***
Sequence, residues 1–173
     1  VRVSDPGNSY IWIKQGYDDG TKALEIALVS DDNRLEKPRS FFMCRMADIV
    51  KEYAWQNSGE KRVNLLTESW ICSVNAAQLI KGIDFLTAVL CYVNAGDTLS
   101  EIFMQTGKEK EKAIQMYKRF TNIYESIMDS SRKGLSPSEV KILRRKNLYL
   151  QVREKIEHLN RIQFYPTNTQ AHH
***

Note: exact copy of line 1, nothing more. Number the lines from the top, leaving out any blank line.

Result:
Sequence, residues 1–173